Sea Technology

JUN 2017

The industry's recognized authority for design, engineering and application of equipment and services in the global ocean community

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Page 18 of 72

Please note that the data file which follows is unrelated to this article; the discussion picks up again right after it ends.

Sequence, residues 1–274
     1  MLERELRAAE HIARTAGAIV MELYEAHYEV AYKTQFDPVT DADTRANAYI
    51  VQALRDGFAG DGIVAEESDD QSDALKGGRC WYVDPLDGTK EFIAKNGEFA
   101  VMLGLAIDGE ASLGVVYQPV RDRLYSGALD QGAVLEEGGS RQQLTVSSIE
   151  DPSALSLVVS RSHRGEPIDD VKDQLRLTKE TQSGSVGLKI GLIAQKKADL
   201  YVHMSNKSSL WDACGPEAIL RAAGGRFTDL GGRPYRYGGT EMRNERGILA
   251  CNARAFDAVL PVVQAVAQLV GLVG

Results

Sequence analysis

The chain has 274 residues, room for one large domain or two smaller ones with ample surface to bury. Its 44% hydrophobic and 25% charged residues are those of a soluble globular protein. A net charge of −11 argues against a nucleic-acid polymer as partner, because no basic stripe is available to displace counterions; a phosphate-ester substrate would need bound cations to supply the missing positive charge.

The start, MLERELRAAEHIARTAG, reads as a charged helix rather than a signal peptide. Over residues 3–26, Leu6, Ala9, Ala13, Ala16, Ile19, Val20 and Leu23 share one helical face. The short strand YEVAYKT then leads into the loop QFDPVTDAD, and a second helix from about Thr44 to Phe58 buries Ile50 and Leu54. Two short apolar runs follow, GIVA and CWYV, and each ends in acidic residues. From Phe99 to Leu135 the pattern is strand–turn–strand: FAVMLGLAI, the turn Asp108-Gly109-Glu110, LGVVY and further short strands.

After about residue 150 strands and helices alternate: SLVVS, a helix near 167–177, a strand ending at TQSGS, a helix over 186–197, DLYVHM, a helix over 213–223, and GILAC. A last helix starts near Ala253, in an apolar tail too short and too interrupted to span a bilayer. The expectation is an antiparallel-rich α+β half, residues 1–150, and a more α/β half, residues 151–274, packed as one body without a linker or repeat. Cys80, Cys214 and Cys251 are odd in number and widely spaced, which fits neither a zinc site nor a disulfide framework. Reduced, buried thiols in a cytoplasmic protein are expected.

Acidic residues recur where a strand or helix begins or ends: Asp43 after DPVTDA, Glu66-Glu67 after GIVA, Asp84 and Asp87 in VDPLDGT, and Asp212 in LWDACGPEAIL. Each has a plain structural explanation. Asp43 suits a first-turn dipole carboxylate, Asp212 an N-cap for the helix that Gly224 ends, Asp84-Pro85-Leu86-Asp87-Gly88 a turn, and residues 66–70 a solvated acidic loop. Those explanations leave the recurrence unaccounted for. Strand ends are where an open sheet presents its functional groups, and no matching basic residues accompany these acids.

18 st / June 2017 world of trade spinning on the right axis. Knowing How to Play Your Hand Globally, banks hold tens of bil- lions of shipping exposure. For many banks with investments in the ship- ping industry, an exposure of $5 to 6 billion in shipping assets is not un- usual. While in global banking terms, such figures may not raise any eye- brows, these figures are more than just a drop in the pond, and we have all seen what happens in the global economy when the ripples start. It is critical, therefore, that these organizations are equipped with all of the tools and information needed to make informed, accurate decisions about their exposure to risk. They need absolute transparency and the benefit of access to impartial industry expertise to ensure that they are meet- ing their obligations to their credit committees and that they are in step with the increasingly stringent finan- cial regulations imposed upon them. It is for this reason that we are see- ing more demand for ship inspection service requests from banks and financiers, who are under increasing pressure, particularly those subject to the rulings of the European Central Bank, to have a thorough understanding of their shipping portfolios. While banks and financiers have always required input from inspection services in their decision making, the depth and frequency of requests have changed significantly. Today, banks endeavor to know in forensic yet concise detail the true condition of a large proportion of their portfolios. In large part, this enhanced appetite for ship inspection services across the board is the result of the updated inter- national Basel III Convention and its consequences for lend- W hen it comes to assessing the value of a vessel—whether for sale, charter or insurance purposes—it is only right that every player involved in its exchange enters into the agree- ment armed with a complete under- standing of the assets' true value; that is to say, a comprehensive understand- ing not only of the current monetary value of the asset but a clear picture of its ability to perform now and into the future. Each player also needs to have a clear view of any likely high- cost capital requirements that may be just around the corner. This is where the ship inspector, as the referee or the arbiter of facts, ensures that the game is fair for all in- volved in the transaction. It may sound obvious, but shipping is a high-stakes game, and you do not want to be the team that shows up unprepared. Hav- ing access to all of the facts is criti- cal to ensuring that you can make in- formed decisions and control your business interests. Analogies aside, ship inspection services are critical to owners and op- erators, charterers and the banks and finance houses that provide our industry with the capital it needs to function. Inspection services are pivotal to ensuring that vessels are fairly traded, financially viable assets that can offer a return on investment. Inspections are also fundamental to ensuring that vessels are built, maintained and operated safely and efficiently for all who have a stake in them. And this is an important point: for all who have a stake in them. There is often an assumption that, as an indus- try, shipping operates in isolation. But we are propped up by a broad range of investment houses, hedge funds and high-street banks that take on significant risk in providing the capital and funds to keep us all working and the global Comprehensive Ship Inspection Services Web Portal Tool Aids Holistic Risk Assessment of Shipping Assets By Nick Owens A sample ship report from Idwal Marine.

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